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Win for West Quay Medical Centre picks up at HSJ Patient Safety Awards


West Quay Medical Centre in Barry has won the Quality Improvement Initiative of the Year 2020 at this year’s HSJ Patient Safety Awards.

The award was for its project : Improving Patient Safety through Better Access to Appropriate Professionals in Primary Care: A Whole System Approach and recognising their contribution to healthcare.

Following an intensive judging process, WQMC was handed the prestigious accolade ahead of a highly competitive shortlist.  Over 1000 guests tuned in to the Patient Safety Awards this year, which took a virtual format on Tuesday, 10th November 2020, to celebrate the very best achievements and innovations driving the national patient safety agenda.

WQMCwas recognised for their ambition, visionary spirit and the demonstrable positive impact that their project has had on patient and staff experiences within the health and social care sector. 

The Improvement Team at WQMC came together during this nine-month project, to focus on what matters to patients: our Patient Participation Group (PPG) had identified access and continuity of care as areas for improvement. A baseline PPG survey established that 95% of patients considered their care to be good or very good, but that 54% had experienced difficulty in obtaining an appointment with a nominated HCP. Working in co-production with the PPG was a key feature of the Access Project. A PPG representative was a key member of our weekly Quality Improvement meetings, and fed back to the wider patient group.

The three main drivers were:

  1. Changing the cultural norm of “G.P first” for an appointment request.
  2. Redesigning the Appointment System
  3. Reducing unwarranted variation & waste in the system

The team considered that patient safety could be improved if we adopted the Principles of Prudent Healthcare more fully, and in particular, ensured equity of access & caring for those with the greatest health need first. We took a systems approach to patient access, improving patient safety over 75 PDSA cycles of iterative change, all within existing resources.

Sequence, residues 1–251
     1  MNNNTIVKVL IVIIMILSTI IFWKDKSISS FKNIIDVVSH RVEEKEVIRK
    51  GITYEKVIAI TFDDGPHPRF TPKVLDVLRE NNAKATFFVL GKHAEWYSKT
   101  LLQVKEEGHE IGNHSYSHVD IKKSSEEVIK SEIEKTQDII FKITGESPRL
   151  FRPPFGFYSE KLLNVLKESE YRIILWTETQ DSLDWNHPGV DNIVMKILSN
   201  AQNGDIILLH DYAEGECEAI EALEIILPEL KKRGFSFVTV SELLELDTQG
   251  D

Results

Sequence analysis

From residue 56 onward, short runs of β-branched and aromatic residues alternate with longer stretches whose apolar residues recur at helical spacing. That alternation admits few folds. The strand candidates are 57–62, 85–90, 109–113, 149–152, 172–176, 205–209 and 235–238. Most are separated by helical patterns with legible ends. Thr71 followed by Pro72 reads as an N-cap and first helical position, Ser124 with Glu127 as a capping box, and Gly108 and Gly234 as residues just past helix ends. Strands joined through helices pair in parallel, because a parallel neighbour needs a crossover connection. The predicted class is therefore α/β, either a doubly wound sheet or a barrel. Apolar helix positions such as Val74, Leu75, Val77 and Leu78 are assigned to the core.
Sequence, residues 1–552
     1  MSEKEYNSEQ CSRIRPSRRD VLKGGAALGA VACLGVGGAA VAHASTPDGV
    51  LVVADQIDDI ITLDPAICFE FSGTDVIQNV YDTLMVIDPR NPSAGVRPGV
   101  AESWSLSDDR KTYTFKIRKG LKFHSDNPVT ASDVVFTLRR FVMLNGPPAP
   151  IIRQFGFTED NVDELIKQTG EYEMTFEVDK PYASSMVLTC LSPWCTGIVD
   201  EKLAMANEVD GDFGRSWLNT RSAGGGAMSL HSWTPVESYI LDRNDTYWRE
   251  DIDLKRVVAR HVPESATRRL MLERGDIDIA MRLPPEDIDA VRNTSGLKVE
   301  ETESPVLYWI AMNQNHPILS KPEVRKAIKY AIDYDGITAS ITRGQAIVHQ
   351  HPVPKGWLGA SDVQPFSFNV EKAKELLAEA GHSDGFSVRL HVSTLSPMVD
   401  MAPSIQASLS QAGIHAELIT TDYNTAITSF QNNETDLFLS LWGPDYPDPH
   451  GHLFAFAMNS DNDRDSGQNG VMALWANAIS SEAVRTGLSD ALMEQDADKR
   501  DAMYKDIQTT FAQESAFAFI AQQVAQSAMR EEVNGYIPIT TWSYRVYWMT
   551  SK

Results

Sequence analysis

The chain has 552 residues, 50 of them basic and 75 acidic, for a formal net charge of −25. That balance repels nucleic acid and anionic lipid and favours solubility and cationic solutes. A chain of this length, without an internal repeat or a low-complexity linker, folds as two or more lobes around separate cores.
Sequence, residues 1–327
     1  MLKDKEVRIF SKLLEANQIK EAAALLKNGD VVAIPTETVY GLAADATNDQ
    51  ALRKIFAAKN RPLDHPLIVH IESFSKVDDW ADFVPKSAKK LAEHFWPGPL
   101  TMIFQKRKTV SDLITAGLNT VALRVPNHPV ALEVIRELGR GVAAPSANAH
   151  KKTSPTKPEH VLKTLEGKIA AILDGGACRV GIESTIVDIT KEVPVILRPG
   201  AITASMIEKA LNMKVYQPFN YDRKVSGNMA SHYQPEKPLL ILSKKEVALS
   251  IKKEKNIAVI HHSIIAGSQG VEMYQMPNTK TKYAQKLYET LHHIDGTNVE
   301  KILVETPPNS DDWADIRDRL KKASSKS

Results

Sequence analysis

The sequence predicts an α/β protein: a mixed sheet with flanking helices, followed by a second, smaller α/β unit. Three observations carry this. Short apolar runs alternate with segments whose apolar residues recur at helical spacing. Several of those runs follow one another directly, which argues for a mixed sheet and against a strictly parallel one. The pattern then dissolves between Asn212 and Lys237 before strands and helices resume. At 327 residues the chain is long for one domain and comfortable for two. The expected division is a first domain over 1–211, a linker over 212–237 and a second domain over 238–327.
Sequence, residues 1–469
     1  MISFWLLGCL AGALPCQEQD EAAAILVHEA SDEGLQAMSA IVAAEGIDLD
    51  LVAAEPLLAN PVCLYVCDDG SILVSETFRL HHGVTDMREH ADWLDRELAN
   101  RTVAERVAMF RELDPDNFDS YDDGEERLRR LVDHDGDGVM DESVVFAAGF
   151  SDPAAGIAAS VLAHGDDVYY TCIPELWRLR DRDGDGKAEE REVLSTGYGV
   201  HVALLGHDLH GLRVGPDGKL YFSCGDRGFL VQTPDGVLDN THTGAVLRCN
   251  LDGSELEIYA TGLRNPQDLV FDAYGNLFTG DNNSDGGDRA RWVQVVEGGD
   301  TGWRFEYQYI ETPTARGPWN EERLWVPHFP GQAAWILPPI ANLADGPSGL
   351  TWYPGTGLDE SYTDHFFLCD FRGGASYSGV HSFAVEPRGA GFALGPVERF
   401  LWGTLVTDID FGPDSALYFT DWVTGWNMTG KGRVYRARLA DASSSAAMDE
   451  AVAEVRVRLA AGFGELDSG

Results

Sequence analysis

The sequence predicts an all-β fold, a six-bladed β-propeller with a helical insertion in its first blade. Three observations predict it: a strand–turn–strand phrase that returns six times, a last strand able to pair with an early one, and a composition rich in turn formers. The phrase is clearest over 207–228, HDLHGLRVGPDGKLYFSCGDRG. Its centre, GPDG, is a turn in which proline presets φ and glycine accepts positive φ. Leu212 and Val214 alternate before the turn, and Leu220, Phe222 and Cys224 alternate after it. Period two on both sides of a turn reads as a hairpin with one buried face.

The outcomes included:

  • An increase in core clinical capacity of 5% and including an increase in allied Healthcare Professionals (AHPs) a total of 9.6% total appointment capacity.
  • Improvements in medication safety: included an eight-fold increase in the number of bespoke medication optimisation reviews with a clinical pharmacist, radical changes to the repeat prescribing system to reduce waste and medication errors, and a focus on high risk medications, such as opioids, resulting in a downward trend of overall prescribing in these drug categories.
  • Holistic assessments for very frequent attender patients identified unmet needs, and improved their care, whilst also increasing the interval between subsequent appointments, in an example of improvements both for an individual and for the larger patient cohort.
  • And others beyond the scope of this summary.

We found that public understanding of the different roles of all the AHPs in the team was poor, and that raising awareness of the skills of all team members reduced unfilled appointments, and enabled GPs to concentrate more on patients with complex needs.

The culture at WQMC is such that GP Partners and senior management prioritise resources for QI, and the sustainability of this culture is preserved through home-grown QI expertise.  Front-line ideas drove the access project, and our receptionists were key members of the Improvement Team. The focus on patients as equal partners in co-design of services, use of front-line staff improvement ideas, and small tests of change  added real quality to the project,  and improved patient access as well as staff engagement at a time of increasing workload in Primary Care. Value was created by maintaining a focus on improving outcomes for patients, in areas that mattered to them, within existing resources.

The judges said:

  • The project demonstrated outstanding work with extremely good use of QI methodology and marked improvements.
  • They particularly liked the way that patient/service users were engaged, and how their experience remained central to the QI project.
  • They were also impressed by the scaling up of the project, with other GPs using the project outcomes and methodology.

Dr Sue Goodfellow, GP Quality Improvement Lead comments; “A team approach in co-production with patients using QI methodology, has delivered meaningful outcomes. Most importantly, the wider team learnt QI skills during the project,   which means this approach has been adopted for ongoing improvement work since this HSJ Awards nomination.

Mr Gareth Thomas, Business Manager at WQMC said “We are absolutely delighted to have been named as the winners in the Quality Improvement Initiative of the Year. It means a great deal to all of our staff to be recognised in this way, particularly where we have had to adapt our way of working due to the coronavirus pandemic using QI tools. We are confident that the positive impact of this Award will help to create a long-lasting legacy, in addition to our NHS Wales awards. This Award will provide a tremendous boost to both staff and patients at West Quay Medical Centre and I am sure it will bolster our efforts to develop and continually improve our services.”    

The full list of winners for the 2020 HSJ Patient Safety Awards can be found on  

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